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progress will be maintained. Their hopes will have been raised by the introduction of this Bill and their hopes will be dashed if nothing practical comes from it.

The first group of the amendments seek to amend the provisions whereby local education authorities, maintained schools and independent schools must in future lay down and publish plans as to measures they will take to improve still further access to and provision within these schools and institutions for pupils with learning difficulties and/or disability. Such plans have to be forward plans and updated each year.

Amendment No. 90 says:


    "In preparing their accessibility strategy, each local education authority must include the estimated costs, at current prices, of the implementation of such improvements, and must if the cost cannot be found locally"--

I stress those words--


    "forward to the Secretary of State these estimated costs with a request for capital grant to cover those costs for the years in question".

Other amendments relevant to schools were similarly phrased, except that in the Bill the plans are called accessibility strategies when done by an LEA and accessibility plans when done by a school.

I have also suggested that the provision that the costings for the plan or strategy for maintained schools should be covered by a request for grant from the Secretary of State should also apply to independent schools, except that seeking a grant from the Secretary of State would be optional. In either case, the LEAs and the schools would be exempt from implementing the plans if they had no funds to do so.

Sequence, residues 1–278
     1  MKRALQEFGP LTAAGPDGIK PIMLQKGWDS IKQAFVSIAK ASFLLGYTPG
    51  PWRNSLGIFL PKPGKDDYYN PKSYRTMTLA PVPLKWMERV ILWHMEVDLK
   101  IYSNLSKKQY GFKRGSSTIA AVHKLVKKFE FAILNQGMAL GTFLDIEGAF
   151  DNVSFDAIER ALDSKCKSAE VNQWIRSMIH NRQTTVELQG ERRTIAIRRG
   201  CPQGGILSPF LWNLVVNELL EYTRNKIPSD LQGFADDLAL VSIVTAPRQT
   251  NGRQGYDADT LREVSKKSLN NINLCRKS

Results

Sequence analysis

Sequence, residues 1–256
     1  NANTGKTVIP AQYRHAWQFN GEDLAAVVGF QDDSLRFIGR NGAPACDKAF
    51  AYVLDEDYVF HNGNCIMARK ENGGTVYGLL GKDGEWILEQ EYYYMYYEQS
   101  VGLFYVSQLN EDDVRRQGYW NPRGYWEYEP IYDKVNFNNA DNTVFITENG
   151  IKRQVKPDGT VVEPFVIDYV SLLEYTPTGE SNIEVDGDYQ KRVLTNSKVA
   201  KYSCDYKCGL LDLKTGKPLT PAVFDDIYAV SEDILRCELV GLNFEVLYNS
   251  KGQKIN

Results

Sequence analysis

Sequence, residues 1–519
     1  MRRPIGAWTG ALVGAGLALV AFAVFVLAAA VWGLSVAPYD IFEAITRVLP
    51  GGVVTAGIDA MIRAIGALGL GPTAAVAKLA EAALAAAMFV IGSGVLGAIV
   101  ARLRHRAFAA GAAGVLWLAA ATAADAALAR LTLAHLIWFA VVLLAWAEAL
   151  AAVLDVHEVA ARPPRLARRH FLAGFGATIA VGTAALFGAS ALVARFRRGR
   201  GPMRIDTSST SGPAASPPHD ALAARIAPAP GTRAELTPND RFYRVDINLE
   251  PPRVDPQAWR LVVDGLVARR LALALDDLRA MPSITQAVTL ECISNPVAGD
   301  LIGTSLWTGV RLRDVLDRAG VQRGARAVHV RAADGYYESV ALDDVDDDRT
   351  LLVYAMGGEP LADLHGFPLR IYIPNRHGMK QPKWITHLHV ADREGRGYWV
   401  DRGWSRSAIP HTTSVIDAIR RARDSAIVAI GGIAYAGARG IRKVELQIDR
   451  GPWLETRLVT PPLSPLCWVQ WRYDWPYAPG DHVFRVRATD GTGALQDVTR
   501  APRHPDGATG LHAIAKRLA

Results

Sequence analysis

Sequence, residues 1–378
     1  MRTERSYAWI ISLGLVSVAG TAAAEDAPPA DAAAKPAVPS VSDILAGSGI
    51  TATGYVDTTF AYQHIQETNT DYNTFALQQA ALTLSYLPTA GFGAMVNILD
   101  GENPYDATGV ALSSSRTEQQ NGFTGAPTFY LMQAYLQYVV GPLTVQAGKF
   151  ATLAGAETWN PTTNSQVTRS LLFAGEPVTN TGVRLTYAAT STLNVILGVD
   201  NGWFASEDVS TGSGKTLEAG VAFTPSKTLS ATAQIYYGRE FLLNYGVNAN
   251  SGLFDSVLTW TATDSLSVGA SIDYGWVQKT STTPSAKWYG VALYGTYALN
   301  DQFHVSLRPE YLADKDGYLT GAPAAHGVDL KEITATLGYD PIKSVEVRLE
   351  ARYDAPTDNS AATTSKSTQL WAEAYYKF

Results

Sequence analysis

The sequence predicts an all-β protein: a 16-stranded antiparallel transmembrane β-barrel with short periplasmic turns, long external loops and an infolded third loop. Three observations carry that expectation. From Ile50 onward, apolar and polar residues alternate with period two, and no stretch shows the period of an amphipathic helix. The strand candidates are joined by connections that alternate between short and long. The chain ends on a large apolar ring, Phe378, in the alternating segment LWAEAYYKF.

At one point in Committee, the noble Lord, Lord Davies, seemed to think that we were asking for money merely to prepare the plans. He is right that the preparation of the plans--the surveys, the architect's fees and so on--will be costly, but that will be as nothing compared with the cost of implementing them. We have sought to focus on the implementation of the plans.

It is pointless for a local authority to go to the expense every year of preparing detailed plans of what needs to be done in all its schools and institutions if the much greater expense of putting those plans into effect is not likely to be forthcoming in the near future. Similarly, the legal obligation on independent schools to prepare annual plans--it is not just an option in the Bill--will be costly. Again, it would be a pointless exercise unless the schools had access to the finance needed to implement them.